On April 6, 2017, the Board of Immigration Appeals (BIA or Board) held a respondent’s offense to be a categorical crime involving moral turpitude (CIMT) where all violations of the pertinent statute involve either a very young victim (under 14) or a substantial age difference between the adult defendant and a minor victim under 16.
Respondent was convicted of Maryland Criminal Law (MCL) §3-324 (sexual solicitation of a minor) and the Immigration Judge (IJ) had found him removable as, among other grounds, one convicted of a CIMT. On appeal, he argued his conviction did not so qualify. In its initial analysis, the BIA noted that the parties agreed the law is divisible and that respondent had been convicted under §3-324(b), prohibiting knowingly soliciting a minor or law enforcement officer, posing as a minor, with intent to violate MCL §3-307, to engage in acts violative of §3-307. In turn, the Board quoted §3-307(a) in full, which criminalizes sexual conduct with another without his or her consent in a variety of circumstances, including the use of a dangerous weapon; harming or inflicting severe physical injury; threating or placing in fear of death, harm, or severe physical injury; or, while assisted by another. The section also criminalizes sexual contact with “a mentally defective”, “mentally incapacitated” or “physically helpless” individual where the perpetrator knows or should know of the impairment; sexual contact with one under 14 and the defendant is at least 4 years older; a sex act with a 14 or 15 year-old where the perpetrator is at least 21; and, vaginal intercourse with a 14 or 15 year-old where the defendant is at least 21. Given this, the Board cited Matter of Silva-Trevino, 24 I&N Dec. 286 (BIA 2016) for the general rule that CIMTs require both reprehensible conduct and a culpable mental state. Further, the decision stated that in determining whether an offense is a CIMT, the BIA uses the categorical approach, focusing on the elements of the criminal statute rather than the facts of the particular violation; where the statute is divisible the Board examines the record of conviction to identify the exact provision violated and then considers whether that portion of the statute “is a categorical match to the federal generic definition.”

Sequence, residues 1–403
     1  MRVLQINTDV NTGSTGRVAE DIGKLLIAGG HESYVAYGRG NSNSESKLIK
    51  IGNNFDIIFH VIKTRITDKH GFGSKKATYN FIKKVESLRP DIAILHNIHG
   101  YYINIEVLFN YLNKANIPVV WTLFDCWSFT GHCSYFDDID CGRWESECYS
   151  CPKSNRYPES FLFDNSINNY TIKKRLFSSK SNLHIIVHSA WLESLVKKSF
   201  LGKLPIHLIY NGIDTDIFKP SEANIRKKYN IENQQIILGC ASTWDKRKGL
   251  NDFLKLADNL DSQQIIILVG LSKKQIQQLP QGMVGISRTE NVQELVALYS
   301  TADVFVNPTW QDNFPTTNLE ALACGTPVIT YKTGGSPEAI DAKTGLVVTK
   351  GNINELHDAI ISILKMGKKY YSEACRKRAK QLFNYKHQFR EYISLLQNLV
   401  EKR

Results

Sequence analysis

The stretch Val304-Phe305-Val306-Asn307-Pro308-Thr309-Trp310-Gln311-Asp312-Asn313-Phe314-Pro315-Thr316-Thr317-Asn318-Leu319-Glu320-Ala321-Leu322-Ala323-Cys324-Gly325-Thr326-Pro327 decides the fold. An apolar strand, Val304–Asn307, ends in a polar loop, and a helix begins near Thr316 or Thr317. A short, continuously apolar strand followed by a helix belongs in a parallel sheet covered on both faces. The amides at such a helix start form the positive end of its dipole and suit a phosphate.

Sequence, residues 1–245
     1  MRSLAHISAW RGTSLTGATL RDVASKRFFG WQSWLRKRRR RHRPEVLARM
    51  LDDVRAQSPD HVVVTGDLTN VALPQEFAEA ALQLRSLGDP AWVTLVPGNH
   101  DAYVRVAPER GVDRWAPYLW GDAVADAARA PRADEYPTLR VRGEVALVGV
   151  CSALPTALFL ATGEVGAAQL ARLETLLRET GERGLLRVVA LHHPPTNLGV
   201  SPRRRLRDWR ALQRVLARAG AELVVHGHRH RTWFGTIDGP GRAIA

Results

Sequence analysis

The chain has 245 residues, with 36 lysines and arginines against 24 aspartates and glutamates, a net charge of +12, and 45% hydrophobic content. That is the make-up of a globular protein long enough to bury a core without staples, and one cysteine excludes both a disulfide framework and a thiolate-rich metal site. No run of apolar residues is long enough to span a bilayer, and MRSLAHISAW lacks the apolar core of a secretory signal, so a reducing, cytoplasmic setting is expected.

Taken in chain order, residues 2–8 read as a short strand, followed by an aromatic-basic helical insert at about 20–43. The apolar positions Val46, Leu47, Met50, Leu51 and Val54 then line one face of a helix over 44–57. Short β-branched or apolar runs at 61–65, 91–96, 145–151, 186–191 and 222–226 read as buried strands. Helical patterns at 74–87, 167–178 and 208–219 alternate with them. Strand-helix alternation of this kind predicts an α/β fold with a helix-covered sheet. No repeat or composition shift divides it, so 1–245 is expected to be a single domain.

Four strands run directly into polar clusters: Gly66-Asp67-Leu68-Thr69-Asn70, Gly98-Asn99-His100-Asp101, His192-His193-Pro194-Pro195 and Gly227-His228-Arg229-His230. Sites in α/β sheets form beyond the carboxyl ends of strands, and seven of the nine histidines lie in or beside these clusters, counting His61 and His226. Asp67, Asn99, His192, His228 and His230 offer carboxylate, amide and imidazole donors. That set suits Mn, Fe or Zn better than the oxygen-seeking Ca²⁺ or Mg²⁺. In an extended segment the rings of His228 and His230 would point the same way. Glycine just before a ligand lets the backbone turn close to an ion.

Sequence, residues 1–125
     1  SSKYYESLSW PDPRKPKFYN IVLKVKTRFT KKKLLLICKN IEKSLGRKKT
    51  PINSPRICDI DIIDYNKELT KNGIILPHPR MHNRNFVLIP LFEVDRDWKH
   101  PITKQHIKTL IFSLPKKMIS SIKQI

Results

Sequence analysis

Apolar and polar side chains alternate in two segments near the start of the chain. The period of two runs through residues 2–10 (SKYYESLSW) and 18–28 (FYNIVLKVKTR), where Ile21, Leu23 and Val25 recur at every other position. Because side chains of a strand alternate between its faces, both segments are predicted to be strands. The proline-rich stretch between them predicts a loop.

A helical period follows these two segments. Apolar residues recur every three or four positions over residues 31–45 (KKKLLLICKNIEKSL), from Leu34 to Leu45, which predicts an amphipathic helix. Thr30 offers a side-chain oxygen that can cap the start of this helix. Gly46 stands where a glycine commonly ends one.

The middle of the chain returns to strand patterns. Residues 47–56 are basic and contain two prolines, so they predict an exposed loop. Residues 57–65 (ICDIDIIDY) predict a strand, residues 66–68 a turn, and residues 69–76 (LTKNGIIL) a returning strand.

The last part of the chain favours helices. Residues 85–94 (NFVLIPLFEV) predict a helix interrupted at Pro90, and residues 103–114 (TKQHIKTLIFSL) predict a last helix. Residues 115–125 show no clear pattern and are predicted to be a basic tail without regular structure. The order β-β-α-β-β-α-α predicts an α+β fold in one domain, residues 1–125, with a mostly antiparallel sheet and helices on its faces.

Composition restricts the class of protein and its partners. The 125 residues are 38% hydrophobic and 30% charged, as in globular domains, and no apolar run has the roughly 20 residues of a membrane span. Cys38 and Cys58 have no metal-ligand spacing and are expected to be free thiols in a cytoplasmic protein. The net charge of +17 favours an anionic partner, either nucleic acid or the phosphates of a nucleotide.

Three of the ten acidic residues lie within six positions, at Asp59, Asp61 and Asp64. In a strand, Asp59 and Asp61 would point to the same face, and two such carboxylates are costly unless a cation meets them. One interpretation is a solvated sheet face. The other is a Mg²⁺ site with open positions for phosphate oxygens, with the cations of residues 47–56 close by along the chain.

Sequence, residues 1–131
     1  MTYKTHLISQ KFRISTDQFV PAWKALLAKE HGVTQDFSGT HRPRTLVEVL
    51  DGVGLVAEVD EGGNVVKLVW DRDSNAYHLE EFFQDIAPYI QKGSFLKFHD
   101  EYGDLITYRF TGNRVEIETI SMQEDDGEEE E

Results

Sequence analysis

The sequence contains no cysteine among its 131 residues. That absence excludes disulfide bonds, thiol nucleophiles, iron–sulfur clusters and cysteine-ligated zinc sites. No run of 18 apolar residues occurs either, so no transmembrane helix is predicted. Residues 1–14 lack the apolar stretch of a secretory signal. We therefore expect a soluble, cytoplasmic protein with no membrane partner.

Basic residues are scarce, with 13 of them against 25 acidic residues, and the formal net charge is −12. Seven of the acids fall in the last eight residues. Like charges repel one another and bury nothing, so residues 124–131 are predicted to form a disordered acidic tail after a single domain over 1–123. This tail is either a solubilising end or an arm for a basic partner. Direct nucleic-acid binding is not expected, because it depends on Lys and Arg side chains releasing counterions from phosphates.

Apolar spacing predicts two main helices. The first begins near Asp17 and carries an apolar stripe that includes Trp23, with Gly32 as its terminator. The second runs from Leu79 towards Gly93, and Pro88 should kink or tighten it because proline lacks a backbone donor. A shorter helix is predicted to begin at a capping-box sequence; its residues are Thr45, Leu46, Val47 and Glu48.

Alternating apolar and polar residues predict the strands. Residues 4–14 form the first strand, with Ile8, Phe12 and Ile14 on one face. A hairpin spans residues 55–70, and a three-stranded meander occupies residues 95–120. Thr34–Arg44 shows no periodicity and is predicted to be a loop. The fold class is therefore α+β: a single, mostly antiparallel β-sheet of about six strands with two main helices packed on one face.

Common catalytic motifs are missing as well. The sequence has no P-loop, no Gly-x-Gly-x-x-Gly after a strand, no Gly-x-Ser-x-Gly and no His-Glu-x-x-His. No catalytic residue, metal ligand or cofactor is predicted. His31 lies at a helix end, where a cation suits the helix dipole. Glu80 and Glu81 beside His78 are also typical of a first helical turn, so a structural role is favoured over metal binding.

In finding respondent’s violation to be a categorical CIMT, the BIA first noted that §3-324(b) requires a knowing solicitation of a minor, a culpable mental state fitting a generic CIMT. Additionally, §3-307 involves turpitudiouos sexual contact without consent, as well as intentional sexual acts or conduct with a minor under 16, clearly CIMTs. Responding to respondent’s argument that those parts of the law that do not require a culpable mental state as to the victim’s age do not categorically define a CIMT, the opinion looked to the Third Circuit’s reasoning in Mehboob v. Attorney General of the U.S., 549 F.3d 272 (3d Cir. 2008), which held that strict liability morality offenses like indecent assault are CIMTs “because of the community consensus that such offenses, which are enacted for the protection of the child, are inherently antisocial and depraved.”
Thus, because sex offenses against minors contravene society’s interest in protecting children and any type of sexual misconduct with a child intrudes on the victim’s rights, the BIA held that a sex offense in violation of a law enacted to protect children is a CIMT where the victim is particularly young – under 14 – or is under 16 and the age difference between the perpetrator and victim is significant, or both even though the statute requires no culpable mental state as to the child’s age. The Board collaterally held that where a criminal law prohibiting sexual conduct with a minor involves either a particularly young victim or a significant age differential with the child being younger than 16, the culpable mental state for a CIMT is implicitly satisfied by the commission of the proscribed act. As a result, all parts of §3-307 categorically fit within the generic definition of a CIMT.
The BIA therefore dismissed the appeal and, upon finding respondent had not submitted proof that his voluntary departure bond had been paid as ordered by the IJ, refused to reinstate voluntary departure. Instead, it ordered respondent removed. Matter of Jimenez-Cedillo, 27 I&N Dec. 1 (BIA 2017).